It is striking how neglectful ZANU PF are of the military at a time when arguably the elite in the party are more dependent on them than ever before if they are to retain power.
Many in the military, while loyal to ZANU PF, were deeply uncomfortable with the role they played in the presidential re-election campaign of June 2008. And thereafter, Junior officers and soldiers in particular were understandably frustrated over their terms and conditions of service, particularly with regard to the provision of food, equipment, uniforms, and the poor condition of ZDF accommodation. Chiwenga was inclined to be dismissive, saying complaints of this nature were normal and should not be blown out of proportion.
His view seems to be that strong leadership is all that is required to ensure there is no dissent and that it is soldiers' expectations that needed to be kept under control.
Chiwenga has seemed only concerned to protect own position by promoting his favourites and clamping down on elements he does not trust. He is not concerned about addressing the underlying problems. Chiwenga seems to have no appreciation of the resentment that builds up in the lower ranks over the senior ranks' exploitation of their position, not least in the case of the diamonds in Marange, where soldiers have been able to observe the looting first-hand. Even by the senior ranks, he is held largely responsible for the very low morale in the armed forces and the overall decline in standards in all departments of the military is laid firmly at Chiwenga's door.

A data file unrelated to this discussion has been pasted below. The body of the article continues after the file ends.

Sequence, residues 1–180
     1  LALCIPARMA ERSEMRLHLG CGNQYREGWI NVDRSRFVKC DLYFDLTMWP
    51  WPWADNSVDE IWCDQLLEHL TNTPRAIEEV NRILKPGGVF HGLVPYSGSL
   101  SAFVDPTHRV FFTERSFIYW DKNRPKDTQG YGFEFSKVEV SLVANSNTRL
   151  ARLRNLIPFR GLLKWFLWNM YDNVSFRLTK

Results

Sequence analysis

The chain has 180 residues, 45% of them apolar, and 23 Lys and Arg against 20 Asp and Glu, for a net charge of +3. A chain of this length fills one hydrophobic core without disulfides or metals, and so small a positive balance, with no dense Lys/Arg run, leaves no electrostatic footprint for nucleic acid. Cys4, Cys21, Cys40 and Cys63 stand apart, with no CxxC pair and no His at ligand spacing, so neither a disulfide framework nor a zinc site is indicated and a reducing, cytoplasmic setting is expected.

The mood in the military has become increasingly charged since the Pomona barracks affair in latter part of last year. The incident provoked widespread suspicion at the time that Chiwenga had stage-managed the theft and the subsequent arrests of over one hundred soldiers and officers on suspicion of involvement in the crime. Chiwenga had been arousing growing resentment across the army command by surrounding himself with a cabal of Zezuru officers, some of whom were believed to have assisted him with the theft from Pomona.
Chiwenga genuinely sees himself as a future political leader outside of the armed forces in Zimbabwe. At least until the party congress he was reportedly confident that Mugabe would secure him a senior political position before he left office. This confidence was largely rooted in the knowledge that Mugabe was indebted to him for surviving as president after the 2008 elections - and would be reliant on his services at the next elections. He is however reported to be disappointed that he has not already been given that senior political position. He may find he needs the support of the Armed Forces if his ever to secure his political ambitions - in which case he will have to look after their interests rather better than he has done to date.